20 K. Subbarao and L. Raney. 1995. Social gains from female education: a cross-national study. Economic Development and Cultural Change, 44(1).

21 L. Lim. 1996. Women swell ranks of working poor. World of Work, Vol. 17. Geneva, ILO.

22 FAO. 1996. Farmers’ rights in the conservation and use of plant genetic resources: who are the farmers? By S. Bunning and C. Hill. Rome.

23 B. Hertz. 1989. Bringing women into the mainstream. Finance and Development, (December): 22-25.

24 FAO. 1995. Women, agriculture and rural development – a synthesis report of the Africa region. Rome.

25 FAO. 1995. Women, agriculture and rural development – a synthesis report of the Near East region. Rome.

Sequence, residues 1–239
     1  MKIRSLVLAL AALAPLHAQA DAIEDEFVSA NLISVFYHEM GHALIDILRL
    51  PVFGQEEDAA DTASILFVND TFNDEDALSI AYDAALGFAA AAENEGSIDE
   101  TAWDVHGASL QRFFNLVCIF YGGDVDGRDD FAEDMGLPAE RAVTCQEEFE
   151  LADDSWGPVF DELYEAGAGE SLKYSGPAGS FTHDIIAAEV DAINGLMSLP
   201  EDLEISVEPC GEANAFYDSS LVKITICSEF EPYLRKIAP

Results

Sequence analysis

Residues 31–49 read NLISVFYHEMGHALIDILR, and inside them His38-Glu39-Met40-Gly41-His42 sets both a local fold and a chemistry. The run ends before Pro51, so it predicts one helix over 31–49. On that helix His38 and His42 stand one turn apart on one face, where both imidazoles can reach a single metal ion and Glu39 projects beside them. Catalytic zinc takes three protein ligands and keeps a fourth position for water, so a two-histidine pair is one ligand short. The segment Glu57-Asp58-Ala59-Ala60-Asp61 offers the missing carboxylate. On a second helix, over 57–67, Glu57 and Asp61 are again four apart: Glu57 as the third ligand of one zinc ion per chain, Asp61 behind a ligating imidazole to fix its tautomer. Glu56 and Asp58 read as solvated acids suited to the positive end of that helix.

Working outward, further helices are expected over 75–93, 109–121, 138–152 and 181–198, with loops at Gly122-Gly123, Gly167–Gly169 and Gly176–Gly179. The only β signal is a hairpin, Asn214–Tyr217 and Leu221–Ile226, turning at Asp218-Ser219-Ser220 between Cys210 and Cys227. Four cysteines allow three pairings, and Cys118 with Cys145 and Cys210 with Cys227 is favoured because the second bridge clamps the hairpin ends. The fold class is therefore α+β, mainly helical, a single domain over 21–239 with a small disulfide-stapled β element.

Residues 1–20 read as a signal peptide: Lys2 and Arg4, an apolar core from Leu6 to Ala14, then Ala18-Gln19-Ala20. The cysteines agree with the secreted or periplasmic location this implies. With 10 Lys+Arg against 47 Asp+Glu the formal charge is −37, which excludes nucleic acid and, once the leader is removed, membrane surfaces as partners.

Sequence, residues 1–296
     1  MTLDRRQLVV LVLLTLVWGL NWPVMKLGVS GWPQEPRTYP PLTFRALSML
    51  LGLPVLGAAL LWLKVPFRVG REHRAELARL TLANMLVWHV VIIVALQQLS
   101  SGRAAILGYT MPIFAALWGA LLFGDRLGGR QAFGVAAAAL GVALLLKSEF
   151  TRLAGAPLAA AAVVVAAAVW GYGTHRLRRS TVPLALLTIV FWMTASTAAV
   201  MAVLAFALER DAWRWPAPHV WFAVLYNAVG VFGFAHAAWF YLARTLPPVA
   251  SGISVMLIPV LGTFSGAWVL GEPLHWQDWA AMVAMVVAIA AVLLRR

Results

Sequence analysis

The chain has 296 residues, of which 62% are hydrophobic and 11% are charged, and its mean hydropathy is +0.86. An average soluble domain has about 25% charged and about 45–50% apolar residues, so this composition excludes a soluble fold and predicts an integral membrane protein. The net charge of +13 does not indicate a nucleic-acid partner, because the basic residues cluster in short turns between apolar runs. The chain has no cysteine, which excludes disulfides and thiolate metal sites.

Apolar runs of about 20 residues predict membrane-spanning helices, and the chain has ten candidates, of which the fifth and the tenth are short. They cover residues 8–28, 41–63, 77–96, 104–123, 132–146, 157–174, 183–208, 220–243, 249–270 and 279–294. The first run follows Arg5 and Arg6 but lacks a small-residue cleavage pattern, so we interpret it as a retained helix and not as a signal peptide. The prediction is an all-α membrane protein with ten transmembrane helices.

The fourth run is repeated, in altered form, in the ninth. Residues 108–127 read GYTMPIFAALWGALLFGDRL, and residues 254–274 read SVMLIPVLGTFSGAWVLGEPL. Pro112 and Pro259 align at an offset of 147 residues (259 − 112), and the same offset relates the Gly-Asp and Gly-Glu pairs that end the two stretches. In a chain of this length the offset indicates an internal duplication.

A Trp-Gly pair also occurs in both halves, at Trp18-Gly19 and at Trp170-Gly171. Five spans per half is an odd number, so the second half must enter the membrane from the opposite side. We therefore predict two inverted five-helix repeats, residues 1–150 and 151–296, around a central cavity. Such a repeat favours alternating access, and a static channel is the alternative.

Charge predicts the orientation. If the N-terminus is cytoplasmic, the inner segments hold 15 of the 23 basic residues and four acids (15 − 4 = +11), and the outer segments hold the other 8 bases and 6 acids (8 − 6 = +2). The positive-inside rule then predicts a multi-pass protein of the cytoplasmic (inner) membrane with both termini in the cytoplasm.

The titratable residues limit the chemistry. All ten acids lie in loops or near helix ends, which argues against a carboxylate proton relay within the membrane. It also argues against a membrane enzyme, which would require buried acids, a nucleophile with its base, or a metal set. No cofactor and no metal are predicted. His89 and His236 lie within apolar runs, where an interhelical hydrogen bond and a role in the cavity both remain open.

26 P.P. Bhattarai. 1989. Women’s roles – a case study of Tankhuwa Panchayat. PAC Occasional Paper No. 1. Kathmandu, Pakhnibas Agricultural Centre.

27 V. Nayak-Mukeherjee. 1991. Women in the economy – a select annotated bibliography of Asia and the Pacific. Kuala Lumpur, Asian and Pacific Development Centre.

28 Ibid.

29 V. Nayak-Mukeherjee, op. cit., footnote 27, p. 65.

30 World Bank. 1995. Rural women in the Sahel and their access to agricultural extension – sector study. Report No. 13532. Washington, DC.

31 V. Nayak-Mukeherjee, op. cit., footnote 27, p. 65.

32 UN. 1992. United Nations Framework Convention on Climate Change. New York.

33 UN, op. cit., footnote 32, p. 71.

34 World Bank. 1995. World Development Report 1995. New York, Oxford University Press; AsDB. 1993. Electricity Utilities Databook. Manila.

35 An earlier perspective on the possible effects of climate change on agriculture, forestry and fisheries is provided in FAO. 1994. The State of Food and Agriculture 1994, p. 55-62. Rome.